The service activities that members provide during their term of service depend on the site at which they serve. Some of the services that National Health Corps Philadelphia members provide include, but are not limited to: pharmacy and health insurance benefit enrollment, health screenings, case management, development and distribution of health education materials, nutrition and exercise education, diabetes management, outreach and dissemination of healthinformation, and recruitment and management of volunteers.
Pre-service orientation (PSO) is provided by the Health Federation of Philadelphia. It occurs at the beginning of the program year and is intended to prepare new members for their year of AmeriCorps service. PSO provides a history of AmeriCorps and the National Health Corps, as well as skills training such as effective communication, teambuilding, project planning, group dynamics, and organizational culture. Members also become familiar with the goals and objectives of the program, and the rules, regulations and expectations of serving in an AmeriCorps program. Most importantly, however, PSO is the time when members begin building an Esprit de Corps. They begin to develop and establish the friendships and bonds that are critical to ensuring that members have a fulfilling and satisfying year of service as they share in the programs’ challenges, successes and accomplishments. When members face the challenges of serving in AmeriCorps, it is the esprit de corps that keeps them motivated, enthused, engaged and committed.
Members receive training throughout the year, which is provided by the Health Federation of Philadelphia and the member’s host site. The purpose of training is to provide members with a set of core competencies that are critical to serving as a healthcare professional and carrying forth a commitment to service and volunteerism. Developing these core competencies is necessary to successfully complete the term of service. The eleven core competencies are: Community Health Advocacy, Patient/Client Relation, Professionalism, Cultural Competency, Civic Engagement, Health Outreach, Health Education, Emergency/Disaster Preparedness, Program Development, Implementation and Evaluation, Case Management, and Public Health Knowledge.
Members meet once a month to share experiences and reflect on their service, plan service projects, complete committee assignments, and continue building an esprit de corps. Meetings often include a training session, and therefore require a whole day. Attendance at meetings is mandatory for all members.
Site Supervisor Meetings
Site supervisors meet quarterly to receive program updates, share best practices, and discuss program direction Supervisors also attend a one-day training/orientation during PSO in the beginning of the program year.
Local Service Projects
Throughout the year members participate in service projects independent of their sites. These projects allow members to interact with other AmeriCorps members, community sites, and volunteers, while engaging in another service experience.
All members have administrative duties related to their service. These include keeping an accurate record of hours served, service activities, and performance measures. Timesheets are completed daily and submitted bi-weekly to the program director. They must be signed and dated by the member and the site supervisor.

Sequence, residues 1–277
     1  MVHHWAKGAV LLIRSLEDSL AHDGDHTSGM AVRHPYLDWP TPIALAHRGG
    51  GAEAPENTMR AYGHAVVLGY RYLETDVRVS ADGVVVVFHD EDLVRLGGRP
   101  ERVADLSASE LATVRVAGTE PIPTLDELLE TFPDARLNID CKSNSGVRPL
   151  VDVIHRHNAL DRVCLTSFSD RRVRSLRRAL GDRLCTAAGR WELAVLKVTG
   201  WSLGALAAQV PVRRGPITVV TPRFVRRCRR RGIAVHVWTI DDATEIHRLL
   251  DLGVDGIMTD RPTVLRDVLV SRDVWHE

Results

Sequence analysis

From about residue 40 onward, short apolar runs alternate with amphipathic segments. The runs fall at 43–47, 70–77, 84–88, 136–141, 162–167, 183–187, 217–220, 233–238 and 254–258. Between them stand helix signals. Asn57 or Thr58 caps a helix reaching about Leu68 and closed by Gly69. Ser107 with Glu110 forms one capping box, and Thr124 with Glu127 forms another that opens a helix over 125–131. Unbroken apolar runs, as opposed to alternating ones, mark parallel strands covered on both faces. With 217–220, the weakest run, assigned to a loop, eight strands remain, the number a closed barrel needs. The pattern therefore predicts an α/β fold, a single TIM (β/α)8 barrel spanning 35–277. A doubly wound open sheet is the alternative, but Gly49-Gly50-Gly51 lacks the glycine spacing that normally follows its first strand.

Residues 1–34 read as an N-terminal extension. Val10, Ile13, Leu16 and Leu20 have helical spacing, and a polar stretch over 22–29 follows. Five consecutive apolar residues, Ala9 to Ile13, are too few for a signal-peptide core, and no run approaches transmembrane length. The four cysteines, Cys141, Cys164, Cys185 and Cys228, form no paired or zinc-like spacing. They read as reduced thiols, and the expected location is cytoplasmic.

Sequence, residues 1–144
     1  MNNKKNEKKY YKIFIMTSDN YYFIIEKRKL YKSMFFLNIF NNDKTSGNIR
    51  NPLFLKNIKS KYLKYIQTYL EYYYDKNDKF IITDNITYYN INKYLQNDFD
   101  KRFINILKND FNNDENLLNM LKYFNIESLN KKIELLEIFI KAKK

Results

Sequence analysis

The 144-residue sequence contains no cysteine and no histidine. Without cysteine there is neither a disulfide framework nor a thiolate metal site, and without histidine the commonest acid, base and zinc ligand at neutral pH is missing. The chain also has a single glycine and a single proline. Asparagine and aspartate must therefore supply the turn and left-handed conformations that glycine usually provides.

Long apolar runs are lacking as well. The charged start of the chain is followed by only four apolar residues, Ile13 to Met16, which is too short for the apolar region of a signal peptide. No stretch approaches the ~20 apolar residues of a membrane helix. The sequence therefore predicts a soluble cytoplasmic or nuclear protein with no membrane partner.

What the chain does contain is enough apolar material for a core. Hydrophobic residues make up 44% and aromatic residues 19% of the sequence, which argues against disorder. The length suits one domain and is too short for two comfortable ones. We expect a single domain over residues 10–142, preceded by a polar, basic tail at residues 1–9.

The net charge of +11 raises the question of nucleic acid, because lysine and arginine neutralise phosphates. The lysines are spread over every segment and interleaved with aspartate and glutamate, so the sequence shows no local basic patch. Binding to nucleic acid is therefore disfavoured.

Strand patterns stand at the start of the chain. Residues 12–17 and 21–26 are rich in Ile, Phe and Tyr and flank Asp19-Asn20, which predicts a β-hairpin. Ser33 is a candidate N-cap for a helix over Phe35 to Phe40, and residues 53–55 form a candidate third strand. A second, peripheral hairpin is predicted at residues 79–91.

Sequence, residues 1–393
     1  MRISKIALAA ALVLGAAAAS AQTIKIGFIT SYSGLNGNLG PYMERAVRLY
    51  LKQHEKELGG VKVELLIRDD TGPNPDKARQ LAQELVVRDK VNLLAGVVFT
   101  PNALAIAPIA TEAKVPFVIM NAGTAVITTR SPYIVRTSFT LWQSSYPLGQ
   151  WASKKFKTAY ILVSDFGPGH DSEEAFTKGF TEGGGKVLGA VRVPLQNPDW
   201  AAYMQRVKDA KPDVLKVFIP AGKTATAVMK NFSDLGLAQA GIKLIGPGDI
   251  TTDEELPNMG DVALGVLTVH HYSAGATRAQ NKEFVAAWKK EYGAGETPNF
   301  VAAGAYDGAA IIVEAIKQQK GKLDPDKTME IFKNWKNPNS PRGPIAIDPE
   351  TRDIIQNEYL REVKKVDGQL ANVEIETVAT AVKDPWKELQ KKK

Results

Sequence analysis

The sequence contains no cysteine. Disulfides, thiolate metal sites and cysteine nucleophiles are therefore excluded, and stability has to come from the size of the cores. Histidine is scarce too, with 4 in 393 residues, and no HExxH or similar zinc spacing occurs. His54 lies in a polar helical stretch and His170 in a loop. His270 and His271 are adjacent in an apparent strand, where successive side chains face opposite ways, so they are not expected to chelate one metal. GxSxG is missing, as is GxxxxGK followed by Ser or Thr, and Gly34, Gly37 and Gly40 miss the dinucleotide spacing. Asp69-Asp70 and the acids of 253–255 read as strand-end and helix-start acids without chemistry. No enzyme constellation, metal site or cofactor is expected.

In addition, members are expected to participate in evaluation measures for the AmeriCorps program. Evaluation may take the form of surveys, one-on-one interviews, or group discussions.
Evaluations are used by the National Health Corps to assess the impact of the AmeriCorps program and by specific program sites to provide feedback about their programs. Like timesheets, performance measures are also submitted to the program director bi-weekly.
Recruiting volunteers is an element of all AmeriCorps programs because developing a cadre of volunteers builds the capacity of programs and communities to sustain the services provided by members after the program ends. Additionally, promoting volunteerism promotes citizenship and civic engagement in the communities we serve. While some members serve at sites where volunteer recruitment is the primary activity, all members are expected to recruit volunteers while in service. Members are expected to recruit volunteers for the many service projects in which they participate throughout the year.
Members are expected to serve on a committee during their term of service. Doing so helps them develop leadership, and professional and teambuilding skills. Examples of committees include: service project committee, corps support committee, professional development committee, learning series committee, and communications committee.
The member retreat occurs halfway through the service year. It is a structured time for teambuilding, training and reflection. It is also an important element in building an Esprit de Corps. Corps retreats are planned by the members and in past years, have included travel to a local outdoors center to participate in a low ropes course.
The member Recognition Ceremony caps off the program year and occurs on the last day of service. The day includes a luncheon with appreciation speeches, member reflections, staff reflections, awarding of certificates, and the celebration of a job well done.